When Getrude Katende secured a visa to the USA, she was overjoyed as though she had hit the jackpot. She was convinced her dream of living a happy life would now come true. Top on her bucket list was to buy land and build a decent house.
She was lucky to settle in New Jersey so fast that she also secured a job in the nursing industry. Katende would occasionally send money to her husband in Uganda, a primary school teacher with whom she had two infant children.
A year later, the 31-year-old mother embarked on saving for their dream home. Fast forward, she sent sh15m to her husband to buy land. He assured her that he had bought 50X50 plot of land in Namere off Gayaza Road. He even sent her a copy of the agreement.
In the next 10 months, Katende would send money for construction. To cut a long story short, she returned four years later to witness nothing on ground. The land, house and other assets she had invested in were just ‘air’. Her husband had used the money to marry another woman and build a house for her instead.
Katende almost jumped out of her skin but composed herself, picked up her belongings and flew back to USA to start afresh.
This is the case for many Ugandans in the diaspora (diasporans) who can testify that buying property back home can be very stressful and challenging. Thousands have been fleeced, while others have lost hope or have had their projects remain incomplete due to financial challenges.
According to Willy Mutenza, Chairman of Uganda Convention-UK, the process of acquiring property does not only require financial capacity but is also fraught with risks.
Many Ugandans have lost their hard-earned money to unscrupulous friends, relatives, developers, and agents while others have lost the dream of home ownership or investment in property due to lack of financial capacity.
“We have also seen those who have succeeded despite the above challenges, but end up with uncompetitive or poor quality properties due to shoddy work,” he shares.
Fortunately, all hope is not lost. There are now trusted and easily accessible realty service providers who work with the buyers, investors, and developers as they identify, evaluate, and invest in real estate opportunities that respond to their investment needs.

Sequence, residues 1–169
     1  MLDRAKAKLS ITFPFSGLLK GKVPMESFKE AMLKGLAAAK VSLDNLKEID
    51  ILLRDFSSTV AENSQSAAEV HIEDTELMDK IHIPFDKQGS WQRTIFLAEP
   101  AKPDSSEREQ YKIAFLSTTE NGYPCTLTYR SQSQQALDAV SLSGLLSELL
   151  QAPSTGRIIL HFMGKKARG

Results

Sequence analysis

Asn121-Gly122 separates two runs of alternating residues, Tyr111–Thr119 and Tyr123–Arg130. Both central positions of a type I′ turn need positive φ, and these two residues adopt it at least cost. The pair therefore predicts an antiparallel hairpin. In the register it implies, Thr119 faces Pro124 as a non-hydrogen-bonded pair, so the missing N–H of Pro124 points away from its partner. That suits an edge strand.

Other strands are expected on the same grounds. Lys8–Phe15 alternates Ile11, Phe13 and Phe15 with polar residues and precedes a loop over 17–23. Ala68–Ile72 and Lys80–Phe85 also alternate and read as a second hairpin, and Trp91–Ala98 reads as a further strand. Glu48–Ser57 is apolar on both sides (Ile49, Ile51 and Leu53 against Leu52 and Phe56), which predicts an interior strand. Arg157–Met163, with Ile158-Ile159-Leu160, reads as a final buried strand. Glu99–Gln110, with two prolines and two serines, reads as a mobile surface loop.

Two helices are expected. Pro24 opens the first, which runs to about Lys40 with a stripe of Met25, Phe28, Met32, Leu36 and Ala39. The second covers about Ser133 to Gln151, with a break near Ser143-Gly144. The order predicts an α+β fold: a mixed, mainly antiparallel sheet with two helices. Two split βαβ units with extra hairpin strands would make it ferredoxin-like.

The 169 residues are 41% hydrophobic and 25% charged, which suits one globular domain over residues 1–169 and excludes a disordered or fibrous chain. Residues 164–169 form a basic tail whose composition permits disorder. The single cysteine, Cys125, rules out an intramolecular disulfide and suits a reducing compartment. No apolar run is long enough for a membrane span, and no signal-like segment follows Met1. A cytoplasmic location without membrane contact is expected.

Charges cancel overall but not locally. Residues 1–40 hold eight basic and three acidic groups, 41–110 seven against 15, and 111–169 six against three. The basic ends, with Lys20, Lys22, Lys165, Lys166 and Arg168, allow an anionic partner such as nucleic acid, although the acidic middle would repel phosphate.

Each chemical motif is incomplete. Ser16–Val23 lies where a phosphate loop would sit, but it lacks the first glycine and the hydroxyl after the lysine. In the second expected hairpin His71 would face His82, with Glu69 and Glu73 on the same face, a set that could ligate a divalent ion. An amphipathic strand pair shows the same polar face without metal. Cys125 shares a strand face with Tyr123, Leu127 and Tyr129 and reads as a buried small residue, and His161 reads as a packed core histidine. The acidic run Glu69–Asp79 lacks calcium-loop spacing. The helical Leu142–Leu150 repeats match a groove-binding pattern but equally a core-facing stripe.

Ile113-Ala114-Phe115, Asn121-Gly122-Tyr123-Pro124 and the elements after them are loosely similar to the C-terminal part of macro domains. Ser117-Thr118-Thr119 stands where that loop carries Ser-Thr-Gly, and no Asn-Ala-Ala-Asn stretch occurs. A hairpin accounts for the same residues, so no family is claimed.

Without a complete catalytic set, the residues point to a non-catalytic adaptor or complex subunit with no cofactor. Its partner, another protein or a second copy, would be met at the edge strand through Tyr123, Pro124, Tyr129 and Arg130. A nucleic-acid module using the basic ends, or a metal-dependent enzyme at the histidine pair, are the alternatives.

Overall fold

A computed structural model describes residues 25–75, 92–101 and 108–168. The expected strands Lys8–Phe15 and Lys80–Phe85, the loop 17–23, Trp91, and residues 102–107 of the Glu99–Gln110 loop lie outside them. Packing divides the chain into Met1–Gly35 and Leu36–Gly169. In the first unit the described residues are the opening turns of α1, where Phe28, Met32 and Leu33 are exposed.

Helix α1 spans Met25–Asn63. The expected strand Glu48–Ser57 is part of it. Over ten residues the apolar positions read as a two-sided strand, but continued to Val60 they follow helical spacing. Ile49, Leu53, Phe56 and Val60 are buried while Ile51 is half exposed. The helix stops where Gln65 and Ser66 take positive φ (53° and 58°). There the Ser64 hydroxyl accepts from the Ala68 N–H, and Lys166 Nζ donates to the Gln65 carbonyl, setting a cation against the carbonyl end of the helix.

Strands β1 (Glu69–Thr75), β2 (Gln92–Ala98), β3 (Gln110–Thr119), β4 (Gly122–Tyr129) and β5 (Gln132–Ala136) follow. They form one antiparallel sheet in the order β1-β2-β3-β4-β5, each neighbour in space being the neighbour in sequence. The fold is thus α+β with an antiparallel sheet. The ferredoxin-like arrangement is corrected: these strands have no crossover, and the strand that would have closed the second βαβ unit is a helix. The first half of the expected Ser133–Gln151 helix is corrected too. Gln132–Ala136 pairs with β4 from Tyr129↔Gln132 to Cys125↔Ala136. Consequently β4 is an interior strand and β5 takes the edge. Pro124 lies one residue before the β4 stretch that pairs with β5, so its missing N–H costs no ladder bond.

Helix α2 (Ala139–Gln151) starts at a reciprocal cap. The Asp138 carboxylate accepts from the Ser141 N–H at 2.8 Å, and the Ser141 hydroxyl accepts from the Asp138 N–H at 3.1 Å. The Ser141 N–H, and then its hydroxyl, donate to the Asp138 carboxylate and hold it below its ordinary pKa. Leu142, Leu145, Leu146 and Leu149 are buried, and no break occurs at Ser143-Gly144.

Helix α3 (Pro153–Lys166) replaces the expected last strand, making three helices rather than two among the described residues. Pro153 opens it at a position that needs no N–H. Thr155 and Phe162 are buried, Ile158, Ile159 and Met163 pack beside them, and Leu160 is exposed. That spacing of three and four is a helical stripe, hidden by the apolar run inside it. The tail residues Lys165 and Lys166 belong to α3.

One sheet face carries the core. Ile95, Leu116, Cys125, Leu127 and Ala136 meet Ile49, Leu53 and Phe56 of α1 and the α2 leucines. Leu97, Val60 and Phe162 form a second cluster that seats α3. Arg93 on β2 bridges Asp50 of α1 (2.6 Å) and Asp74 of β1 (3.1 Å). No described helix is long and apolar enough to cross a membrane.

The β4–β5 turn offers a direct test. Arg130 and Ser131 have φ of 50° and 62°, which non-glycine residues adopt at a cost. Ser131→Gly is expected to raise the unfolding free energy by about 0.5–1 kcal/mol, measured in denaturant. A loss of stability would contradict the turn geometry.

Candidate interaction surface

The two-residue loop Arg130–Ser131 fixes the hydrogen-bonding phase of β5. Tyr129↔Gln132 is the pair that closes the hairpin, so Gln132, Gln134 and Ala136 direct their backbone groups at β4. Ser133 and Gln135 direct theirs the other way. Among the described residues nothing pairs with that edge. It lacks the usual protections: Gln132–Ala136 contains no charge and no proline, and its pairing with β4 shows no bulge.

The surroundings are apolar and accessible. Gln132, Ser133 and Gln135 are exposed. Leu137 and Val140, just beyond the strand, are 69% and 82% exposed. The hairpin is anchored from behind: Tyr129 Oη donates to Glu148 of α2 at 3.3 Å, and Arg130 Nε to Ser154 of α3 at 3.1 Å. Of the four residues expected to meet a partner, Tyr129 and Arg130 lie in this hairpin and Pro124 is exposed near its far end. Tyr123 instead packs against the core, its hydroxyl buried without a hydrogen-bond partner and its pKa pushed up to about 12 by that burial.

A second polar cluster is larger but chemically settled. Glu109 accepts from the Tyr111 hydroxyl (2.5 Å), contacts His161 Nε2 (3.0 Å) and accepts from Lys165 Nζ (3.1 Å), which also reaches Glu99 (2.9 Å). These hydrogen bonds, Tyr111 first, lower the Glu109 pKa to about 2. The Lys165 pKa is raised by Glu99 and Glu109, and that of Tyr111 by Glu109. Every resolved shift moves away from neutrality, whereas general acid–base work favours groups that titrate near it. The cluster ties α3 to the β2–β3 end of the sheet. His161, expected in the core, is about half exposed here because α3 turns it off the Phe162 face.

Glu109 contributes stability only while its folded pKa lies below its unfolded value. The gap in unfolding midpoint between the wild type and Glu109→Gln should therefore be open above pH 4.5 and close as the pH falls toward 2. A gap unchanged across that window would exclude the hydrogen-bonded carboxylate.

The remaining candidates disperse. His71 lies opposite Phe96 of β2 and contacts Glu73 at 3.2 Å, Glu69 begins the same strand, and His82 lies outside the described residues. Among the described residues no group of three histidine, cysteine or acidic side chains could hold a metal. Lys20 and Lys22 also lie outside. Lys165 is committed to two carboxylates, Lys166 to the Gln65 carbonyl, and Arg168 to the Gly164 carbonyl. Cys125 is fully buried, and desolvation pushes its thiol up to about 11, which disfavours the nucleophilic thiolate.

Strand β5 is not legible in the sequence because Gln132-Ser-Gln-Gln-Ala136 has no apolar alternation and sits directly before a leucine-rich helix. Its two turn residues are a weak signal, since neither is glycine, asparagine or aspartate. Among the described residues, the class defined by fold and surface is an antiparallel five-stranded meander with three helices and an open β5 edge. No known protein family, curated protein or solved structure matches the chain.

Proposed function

Among them is the Promotar, an online property platform that makes it safer and easier for Ugandans worldwide to buy and invest in property with a special focus on the Ugandan market.
“This is a Uganda-focused diaspora initiative supported by the London Chambers of Commerce, UK-Uganda Convention, YuFundMe, MM2Capital, and Indian Diaspora Network,” Mutenza reveals.
The platform connects approved and certified developers, sellers, service providers, agents, real estate consultants and financial providers to clients and investors in Uganda and the diaspora.
In other words, it provides all potential buyers, sellers, landlords, and tenants with an exceptional property search while linking them to a variety of experienced service providers in the property value chain.
Owning property made easy
Bernard Robinson Magulu, the vice-chairman Uganda UK Convention explains that on this digital platform, people have access to all the information they need on any listed property and service providers. It also provides digital consultation to diasporans on finance and real estate. With just a click, people can choose the property or service they want, and the appointed legal partners will be availed to handle the process of ownership.
Therefore, by carefully vetting all properties, service providers, and consulting partners before listing, we believe that Ugandans in the diaspora and within Uganda will be confident and secure in their transactions.
“Our team and partners are professionals with cognate experience in banking, property development, construction, and property management,” Magulu explains.
They also have experts in real estate law customer services, land acquisition, architecture, landscaping, and interior design among others.
“We have hundreds of thousands of beautifully presented services, land, homes for sale or rent at all price range across Uganda,” he said.
How diasporans impact Uganda’s economy
Ugandans in the diaspora are estimated to be 1.5 million according to the UN Human Development Report 2009.
World Bank and Bank of Uganda 2019 reports indicate that these Ugandans have been sending home billions of dollars in the last three years.
In 2017 alone, they sent home $1.4 billion though that figure has recently slightly fallen due to COVID-19 global economic down-turn.
Nevertheless, diaspora remittance remained the country’s largest source of foreign exchange earnings contributing 5% of Uganda’s GDP.
This in essence means that many will need to invest this money and real estate offers a wonderful vehicle for them.
“Diasporans need to think about their future proactively where their investments will be able to create a stream of cash flows to enable them to finance their daily needs while providing bankable assets to access financing for other multiple investments,” Mutenza opines.
With a massive gap in housing demand versus supply, economic growth, rapid urbanization, and an expanding middle class, the real estate sector offers an almost guaranteed return on Investment.